Yet, when we fight back, we lose the opportunity to hear the other person out and acknowledge their needs. They might be exaggerated, but nonetheless, they bring an important message.

But wait, should you be polite to the other person when you're hurt and pleasant when they insult you? Doesn't sound like a deal at first, but if the couple tries to master quitting the blame, there should be much less harsh criticism later on.

3. Not being able to say sorry

Admitting your flaws or mistakes may seem like hurting your self-image and self-esteem after someone just tried to do it by criticizing you. But contrary to our belief, true self-esteem lies in accepting reality and choosing to better ourselves.

Be compassionate to yourself or your spouse if one of you is struggling to say sorry. Sometimes, the word itself can be scary, and other ways to apologize, such as cleaning the house or buying a gift, also count as long as they are not used to avoid responsibility.

4. Not listening enough

Listening seems like such a simple thing to do. But some of the time, we don't actually pay attention to what the other says. We think our thoughts or plan a witty response. If you decide to learn to better express your needs, active, conscious listening should be an equal part of your health communication diet.

The best time to listen to each other is also the hardest, such as when we are in the middle of the fight and believe that what the other is saying is, of course, not true. It’s a direct shortcut out of the argument, for those who can manage it.

5. Losing sight of the problem

We start the conversation because we want to accomplish something. But how many times did we end up fighting about completely different things? Staying focused on your goal during the argument can help be less critical and defensive, and avoid drifting to other topics. It will also help you ask deeper questions to understand what your partner really wants from that conversation.

6. Letting the conflicts fester

Unresolved conflicts like to remind us about themselves. Marriage research shows that 69% of arguments tend to be about unresolved things. If you don't know how to address deep, recurring conflicts, or talk about them leads to a dead-end but you still want to save your relationship, consider marriage therapy.

Intimacy issues

Intimacy is not just about sex, but also a deeper understanding of each other and fulfilling emotional needs. It's everything that makes you feel close to that person. A dry spell can happen to any couple, as it's a natural side effect of an evolving relationship.

What can be done about it?

Here are some things you might want to try:

  • Showing physical affection, such as holding hands or hugging, releases oxytocin, also called the love hormone. The brain also releases oxytocin during orgasms to strengthen bonding.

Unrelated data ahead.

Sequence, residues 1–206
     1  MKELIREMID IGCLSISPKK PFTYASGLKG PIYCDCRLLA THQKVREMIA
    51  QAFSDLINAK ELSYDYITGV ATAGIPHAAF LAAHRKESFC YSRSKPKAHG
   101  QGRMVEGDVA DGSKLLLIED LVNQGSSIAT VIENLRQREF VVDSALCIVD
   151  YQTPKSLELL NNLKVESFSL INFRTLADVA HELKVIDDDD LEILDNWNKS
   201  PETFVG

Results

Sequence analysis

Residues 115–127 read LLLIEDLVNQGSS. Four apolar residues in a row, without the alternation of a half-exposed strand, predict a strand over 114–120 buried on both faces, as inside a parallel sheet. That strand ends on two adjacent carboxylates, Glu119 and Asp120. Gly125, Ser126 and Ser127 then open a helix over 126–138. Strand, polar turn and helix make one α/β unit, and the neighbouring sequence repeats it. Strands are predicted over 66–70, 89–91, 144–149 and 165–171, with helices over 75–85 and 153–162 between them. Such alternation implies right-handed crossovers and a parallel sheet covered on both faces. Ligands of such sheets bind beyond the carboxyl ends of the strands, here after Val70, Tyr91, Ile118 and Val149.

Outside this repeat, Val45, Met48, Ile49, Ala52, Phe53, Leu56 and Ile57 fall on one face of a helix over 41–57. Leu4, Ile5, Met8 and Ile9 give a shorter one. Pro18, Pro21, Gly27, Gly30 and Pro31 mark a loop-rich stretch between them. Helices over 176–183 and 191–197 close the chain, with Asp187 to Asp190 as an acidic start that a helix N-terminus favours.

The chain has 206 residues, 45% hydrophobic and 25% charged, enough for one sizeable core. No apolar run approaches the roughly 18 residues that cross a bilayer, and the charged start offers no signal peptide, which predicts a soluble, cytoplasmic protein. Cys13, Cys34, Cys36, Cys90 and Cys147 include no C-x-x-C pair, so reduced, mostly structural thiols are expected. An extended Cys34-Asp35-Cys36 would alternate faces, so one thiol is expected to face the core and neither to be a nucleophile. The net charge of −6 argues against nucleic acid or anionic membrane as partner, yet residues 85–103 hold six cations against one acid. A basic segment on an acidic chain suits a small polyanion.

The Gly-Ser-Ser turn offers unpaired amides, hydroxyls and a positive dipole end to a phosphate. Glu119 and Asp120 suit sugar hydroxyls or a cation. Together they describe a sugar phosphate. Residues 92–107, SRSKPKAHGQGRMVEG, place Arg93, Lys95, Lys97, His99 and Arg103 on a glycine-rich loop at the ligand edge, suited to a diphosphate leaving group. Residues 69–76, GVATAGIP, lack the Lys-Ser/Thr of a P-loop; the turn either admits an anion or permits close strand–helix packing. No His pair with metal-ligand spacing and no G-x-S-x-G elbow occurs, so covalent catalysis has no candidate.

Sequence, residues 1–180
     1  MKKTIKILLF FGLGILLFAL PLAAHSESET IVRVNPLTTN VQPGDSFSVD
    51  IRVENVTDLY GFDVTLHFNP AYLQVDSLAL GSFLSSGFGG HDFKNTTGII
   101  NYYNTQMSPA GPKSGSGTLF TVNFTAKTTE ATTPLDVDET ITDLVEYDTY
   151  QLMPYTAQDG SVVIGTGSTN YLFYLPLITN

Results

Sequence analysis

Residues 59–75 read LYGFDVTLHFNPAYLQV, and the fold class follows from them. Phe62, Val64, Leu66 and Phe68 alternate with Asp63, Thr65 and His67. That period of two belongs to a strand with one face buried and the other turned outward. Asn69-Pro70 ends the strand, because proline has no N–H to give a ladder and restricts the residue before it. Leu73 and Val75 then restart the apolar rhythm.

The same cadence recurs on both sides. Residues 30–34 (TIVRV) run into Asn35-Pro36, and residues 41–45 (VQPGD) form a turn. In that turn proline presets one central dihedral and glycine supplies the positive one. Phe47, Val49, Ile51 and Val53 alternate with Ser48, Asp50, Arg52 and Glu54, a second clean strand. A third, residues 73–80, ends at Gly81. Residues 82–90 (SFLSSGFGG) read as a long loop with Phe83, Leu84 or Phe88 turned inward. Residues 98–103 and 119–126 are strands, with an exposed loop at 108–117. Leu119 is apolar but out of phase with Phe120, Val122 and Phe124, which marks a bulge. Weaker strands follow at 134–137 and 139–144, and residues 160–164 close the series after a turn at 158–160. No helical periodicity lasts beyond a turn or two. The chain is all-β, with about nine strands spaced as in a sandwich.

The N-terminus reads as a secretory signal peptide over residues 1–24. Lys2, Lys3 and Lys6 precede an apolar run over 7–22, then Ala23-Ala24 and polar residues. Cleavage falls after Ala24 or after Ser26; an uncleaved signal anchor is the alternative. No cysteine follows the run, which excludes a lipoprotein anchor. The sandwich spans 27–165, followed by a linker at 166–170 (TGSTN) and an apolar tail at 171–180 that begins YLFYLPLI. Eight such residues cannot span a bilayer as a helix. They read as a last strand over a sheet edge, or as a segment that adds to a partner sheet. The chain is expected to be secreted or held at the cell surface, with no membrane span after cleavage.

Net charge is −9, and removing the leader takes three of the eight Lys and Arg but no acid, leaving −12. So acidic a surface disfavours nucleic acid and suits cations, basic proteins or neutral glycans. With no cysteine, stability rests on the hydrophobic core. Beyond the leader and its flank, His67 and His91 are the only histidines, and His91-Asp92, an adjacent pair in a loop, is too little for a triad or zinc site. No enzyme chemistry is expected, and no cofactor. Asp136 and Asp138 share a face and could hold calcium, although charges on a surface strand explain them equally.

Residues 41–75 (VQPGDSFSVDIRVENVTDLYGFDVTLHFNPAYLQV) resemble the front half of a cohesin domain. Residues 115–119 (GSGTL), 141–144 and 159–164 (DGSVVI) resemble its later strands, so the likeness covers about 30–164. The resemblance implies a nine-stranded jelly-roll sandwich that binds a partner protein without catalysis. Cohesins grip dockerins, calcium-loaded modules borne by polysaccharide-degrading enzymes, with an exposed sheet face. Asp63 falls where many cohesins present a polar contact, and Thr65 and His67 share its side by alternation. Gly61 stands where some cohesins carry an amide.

• Taking time to talk about intimacy and being open, unjudging, and emphatic. Try to be specific about your needs. Maybe you want to spend more time with them? Perhaps you would like your partner to notice your achievements more? Be willing to find ways that satisfy you both. 
  • Give it some time: these topics are hard to talk about sometimes, especially when they circle around sexual problems. You should take into account your partner's unwillingness to discuss it, at least at first. 
  • Considering marriage therapy at this point is also an option. Intimacy problems often involve the deepest needs we might be unwilling to share with our partner. One partner attending therapy can also be an option. Just make sure you are not the only one who wants to save the marriage.

Bad habits or addictions

All couples have something they don't like about their spouse. Maybe it's their things all over the bedroom, hair in the sink, or their smoking. Bad habits also include negative communication, such as nagging about smoking.

What to do?

While it may be impossible to force someone to change, you can foster change by discussing your needs and concerns with attention and empathy. If you want to help, recognize when your spouse struggles to adapt to new behavior and encourage them, or even do it together to support them.

In case of addictions, all you can do is help a person take back control by supporting them, being patient, and educating yourself about addiction. You can learn more by visiting the Substance Abuse and Mental Health Services Administration (SAMHSA) National Helpline site, or calling them. Remember that people fighting addictions should receive side help, such as family help, support groups, medications, or in-person or online therapy.

Trust issues

Trust is an essential part of every relationship. Yet it's fairly easy to break it, sometimes beyond repair. Even if a couple decides to work on their trust issues, it's a long and challenging task. Read this article about how to bring trust back to the relationship.

If you feel this challenge is too much to handle on your own, marriage therapy helps couples to navigate through this painful experience. If you aren't sure you can find time in your busy lives, online counseling is made just for people who want therapy on the go.

Remember that if jealousy, especially frequent, doesn't have any substantial reason, it's a sign of unhealthy couple dynamics or even emotional abuse.

There is always a solution

With enough patience, motivation, and effort, relationship challenges can make your marriage stronger than ever. As long as you both are willing to try and communicate, you have all you need to sort things out.

But sometimes, the problems may be too ingrained or painful to address on your own. In such a case, you don't have to feel like a failure. Marriage aids, such as marriage and family counseling, are always there if you need them.